People like Steve Jobs are driven by ambition. They don't give a damn if everyone likes them. Business is not a personal popularity contest. If this guy is able to inspire people to do their best work creating products people enjoy using, then he is newsworthy.

I guess you could compare Steve Jobs to Howard Hughes. Jobs seems to be obsessed with his ideal of perfection, taking risks and pushing the envelope of innovation. That sounds an awful lot like Mr. Hughes drive to make colossal movies and develop a transatlantic airline.

All I see are anti-fanboys (1)

SuperKendall (25149) | more than 8 years ago | (#13913376)

Lots of people complain about the "damn Mac fanboys" but most Mac users I have seen seem pretty well based in reality (and not the one Steve is generating either). For more often I see people complaining about something just because Jobs has done something in relation - like taking a perverse pleasure in not owning a Mac or an iPod as if in some way that were striking back at "The Man", where said Man is literally a man - Steve Jobs.

Now journalists, there I think your claim rings a little more true where journalists seem a little over-fascinated with Jobs.

Re:All I see are anti-fanboys (0)

Anonymous Coward | more than 8 years ago | (#13913528)

really? You need to meet more people. They're willing to overlook the apple prices (Ever checked out the price of an upgrade to a 400gb SATA disk vs the cost of a new one?), the fact that apple are making drm acceptable ("But if you really want to get around it you'll get around it" - failing to notice that there are laws against that) and the fact that there are better, cheaper options available. Creative and iriver make damn good players which support more formats, only they're not "white and shiny". Marketing is a wonderful thing.... if you're not paying marketeers and not relying on your products to speak solely for themselves.

I've heard people talking of "paying a lot of money buying into the apple club" and how they were pissed off about the x86 switch. 1 hour later it was the best thing ever. (not a quote) "Well steve said it was great so it's great!"

Apple Store (5, Insightful)

Snuggly_Soft (647073) | more than 8 years ago | (#13913204)

Everyone, including the author of this article, seems to forget the apple store in describing the second coming of Jobs. iPod and iTunes have been a boon for apple, but no one cares to speculate about how much a 'mall presence' had to do with any of it... IMO, the store isn't a footnote here, it's a keystone.

Jesus, again with the washing machine? (4, Insightful)

SensitiveMale (155605) | more than 8 years ago | (#13913205)

How many times does Jobs' procedure to buy a washing machine have to be covered?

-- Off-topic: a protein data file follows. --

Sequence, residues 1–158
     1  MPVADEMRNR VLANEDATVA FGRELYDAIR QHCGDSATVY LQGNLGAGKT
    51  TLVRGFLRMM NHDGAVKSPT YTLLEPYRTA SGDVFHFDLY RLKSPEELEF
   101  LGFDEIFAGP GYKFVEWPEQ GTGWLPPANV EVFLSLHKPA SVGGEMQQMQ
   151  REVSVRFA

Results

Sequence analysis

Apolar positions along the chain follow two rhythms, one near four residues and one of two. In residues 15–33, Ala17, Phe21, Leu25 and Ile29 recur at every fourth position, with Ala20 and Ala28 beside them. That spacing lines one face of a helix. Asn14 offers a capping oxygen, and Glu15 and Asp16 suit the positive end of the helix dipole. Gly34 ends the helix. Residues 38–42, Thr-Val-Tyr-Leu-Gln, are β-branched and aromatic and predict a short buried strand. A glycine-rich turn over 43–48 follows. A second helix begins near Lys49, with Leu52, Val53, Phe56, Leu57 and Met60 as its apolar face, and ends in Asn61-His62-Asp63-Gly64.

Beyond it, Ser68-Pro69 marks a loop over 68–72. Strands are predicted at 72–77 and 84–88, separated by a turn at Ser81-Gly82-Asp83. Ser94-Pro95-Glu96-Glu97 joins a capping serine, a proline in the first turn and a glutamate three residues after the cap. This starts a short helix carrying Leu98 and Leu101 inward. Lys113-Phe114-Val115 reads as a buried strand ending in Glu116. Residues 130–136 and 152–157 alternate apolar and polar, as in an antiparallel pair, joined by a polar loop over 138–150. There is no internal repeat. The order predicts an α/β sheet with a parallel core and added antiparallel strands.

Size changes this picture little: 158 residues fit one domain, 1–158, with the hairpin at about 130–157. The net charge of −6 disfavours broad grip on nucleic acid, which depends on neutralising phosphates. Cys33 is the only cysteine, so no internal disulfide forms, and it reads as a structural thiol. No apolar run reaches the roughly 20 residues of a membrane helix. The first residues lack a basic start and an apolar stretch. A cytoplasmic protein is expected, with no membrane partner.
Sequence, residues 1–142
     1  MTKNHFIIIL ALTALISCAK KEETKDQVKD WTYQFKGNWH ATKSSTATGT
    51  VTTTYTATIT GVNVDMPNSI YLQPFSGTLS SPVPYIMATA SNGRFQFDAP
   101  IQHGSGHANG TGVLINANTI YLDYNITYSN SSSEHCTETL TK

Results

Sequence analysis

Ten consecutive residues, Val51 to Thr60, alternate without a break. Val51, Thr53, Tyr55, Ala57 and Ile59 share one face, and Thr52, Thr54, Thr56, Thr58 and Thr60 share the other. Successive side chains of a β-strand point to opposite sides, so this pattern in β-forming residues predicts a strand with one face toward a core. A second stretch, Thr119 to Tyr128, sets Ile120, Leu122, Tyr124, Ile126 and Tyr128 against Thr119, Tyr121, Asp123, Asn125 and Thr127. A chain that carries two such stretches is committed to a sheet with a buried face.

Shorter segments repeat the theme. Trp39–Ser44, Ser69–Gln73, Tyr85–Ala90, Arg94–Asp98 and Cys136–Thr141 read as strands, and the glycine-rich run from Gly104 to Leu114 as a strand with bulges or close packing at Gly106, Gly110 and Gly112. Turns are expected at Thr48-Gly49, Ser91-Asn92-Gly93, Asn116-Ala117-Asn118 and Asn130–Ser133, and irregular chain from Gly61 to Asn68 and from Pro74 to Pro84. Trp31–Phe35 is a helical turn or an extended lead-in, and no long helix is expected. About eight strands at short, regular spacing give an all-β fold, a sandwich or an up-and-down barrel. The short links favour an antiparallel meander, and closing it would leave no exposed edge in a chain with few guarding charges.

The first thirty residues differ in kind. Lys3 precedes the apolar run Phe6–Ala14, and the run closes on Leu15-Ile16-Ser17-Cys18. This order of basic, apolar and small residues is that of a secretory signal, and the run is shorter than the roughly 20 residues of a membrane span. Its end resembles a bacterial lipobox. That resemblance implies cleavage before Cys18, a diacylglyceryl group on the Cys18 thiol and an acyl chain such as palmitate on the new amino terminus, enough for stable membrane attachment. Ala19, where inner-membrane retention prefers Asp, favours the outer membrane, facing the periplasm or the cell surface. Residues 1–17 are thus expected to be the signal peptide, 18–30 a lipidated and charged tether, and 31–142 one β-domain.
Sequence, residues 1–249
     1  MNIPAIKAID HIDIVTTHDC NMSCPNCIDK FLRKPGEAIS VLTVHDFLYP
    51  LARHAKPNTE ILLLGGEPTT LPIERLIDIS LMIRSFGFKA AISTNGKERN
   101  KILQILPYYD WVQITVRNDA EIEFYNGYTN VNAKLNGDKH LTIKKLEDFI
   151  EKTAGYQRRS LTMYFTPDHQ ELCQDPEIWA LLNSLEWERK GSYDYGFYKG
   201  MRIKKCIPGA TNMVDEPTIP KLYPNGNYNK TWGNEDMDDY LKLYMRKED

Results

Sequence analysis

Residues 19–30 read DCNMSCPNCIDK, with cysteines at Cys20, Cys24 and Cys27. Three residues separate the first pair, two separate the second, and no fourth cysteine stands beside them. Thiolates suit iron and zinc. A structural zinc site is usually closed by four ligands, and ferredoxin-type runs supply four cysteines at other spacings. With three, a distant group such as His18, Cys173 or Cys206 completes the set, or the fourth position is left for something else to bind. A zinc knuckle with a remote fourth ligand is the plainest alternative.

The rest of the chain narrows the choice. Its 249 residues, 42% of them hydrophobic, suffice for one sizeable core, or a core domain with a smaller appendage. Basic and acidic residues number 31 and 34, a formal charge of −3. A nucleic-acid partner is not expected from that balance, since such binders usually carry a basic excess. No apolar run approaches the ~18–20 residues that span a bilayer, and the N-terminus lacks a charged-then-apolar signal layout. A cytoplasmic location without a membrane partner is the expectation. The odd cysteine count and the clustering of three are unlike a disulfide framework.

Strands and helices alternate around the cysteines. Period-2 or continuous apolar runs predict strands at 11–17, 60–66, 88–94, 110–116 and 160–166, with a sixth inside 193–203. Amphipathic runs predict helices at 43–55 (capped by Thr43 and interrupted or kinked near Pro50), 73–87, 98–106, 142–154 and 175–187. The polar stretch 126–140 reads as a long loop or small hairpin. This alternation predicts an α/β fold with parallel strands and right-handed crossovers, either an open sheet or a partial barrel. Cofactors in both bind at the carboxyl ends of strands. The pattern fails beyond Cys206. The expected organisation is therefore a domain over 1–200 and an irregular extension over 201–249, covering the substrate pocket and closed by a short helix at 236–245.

Re:Jesus, again with the washing machine? (1)

jred (111898) | more than 8 years ago | (#13913256)

I was really disappointed by the washing machine decision coverage in this article. If you know of a better Jobs interview that covers the washing machine decision better, please post the link.

Re:Jesus, again with the washing machine? (1)

zpok (604055) | more than 8 years ago | (#13913269)

And on the Ateth day he chooseth the Washing Machine...

Re:Jesus, again with the washing machine? (4, Funny)

Farmer Tim (530755) | more than 8 years ago | (#13913325)

You're missing the point: its not how he buys a washing machine thats interesting, its the mere fact that he's a nerd and actually wants a washing machine, and even knows what they're for.

iWash (1, Funny)

Anonymous Coward | more than 8 years ago | (#13913222)

He has rejected every washing machine because their names didn't sound right.

Oh, and you didn't see that scratch on your ipod. These are not the scratches you are looking for.

why am I posting when steve is on vacation in xtc (-1, Offtopic)

Anonymous Coward | more than 8 years ago | (#13913227)

Steve buys any washing machine he wants. Hey do an article on Stallman please ! Every time I submit something it gets rejected well do one on Stallman's political notes please !

Bad Steve stories (5, Interesting)

Anonymous Coward | more than 8 years ago | (#13913238)

Here's a couple of examples of Bad Steve.

First story. Back in 1983, Steve was a frequent visitor to Apple's Bandley 3 building where the original Mac was under development. After all, he was the de facto project manager, as well as the company CEO. (Incidentally, that was the building with the grand piano in the foyer with guest pianists for the residents as well as weekly massages if they wished, as well as other minor benefits.)

Steve was driving a BMW 3 series at the time and although his office was only a few hundred yards from Bandley 3 he always drove over for progress reports, etc. Being a busy guy, he also had the habit of parking in the nearest empty parking spot to the entrance, which almost inevitably was one of a places reserved for handicapped drivers. One day, somebody became fed up with this and left a notice on his windshield to the effect that the these spots were intended for the physically, rather than the emotionally, handicapped.

Steve wasn't a happy camper. He raged into the building and instructed the Mac team management team to "find out who did this and fire their ass". Of course, they didn't find the guy....

Apparantly Steve didn't learn from this - I've been told there was a similar incident some years later at Mariani 1 building.

Second story. About six months before the release of the Mac, Ernie (forgotten his last name) completed the layout of the system PCB. Steve didn't like it (wasn't aethetically pleasing to him, I guess) and he described in some detail how he would like the board to be laid out. This included placement of the processor and (in particular) the placement and distance apart of the RAM chips. Remember, this was a PCB destined for a closed system that required non-standard tools to open the case, so it was never intended to be seen by customers. Anyway, to cut a long story short, the RAM became less stable when placed as Steve directed, and about six weeks was wasted trying to make the new board work on margins. Eventually one of the hardware engineers convinced him of the folly of visual aethetics in PCB design.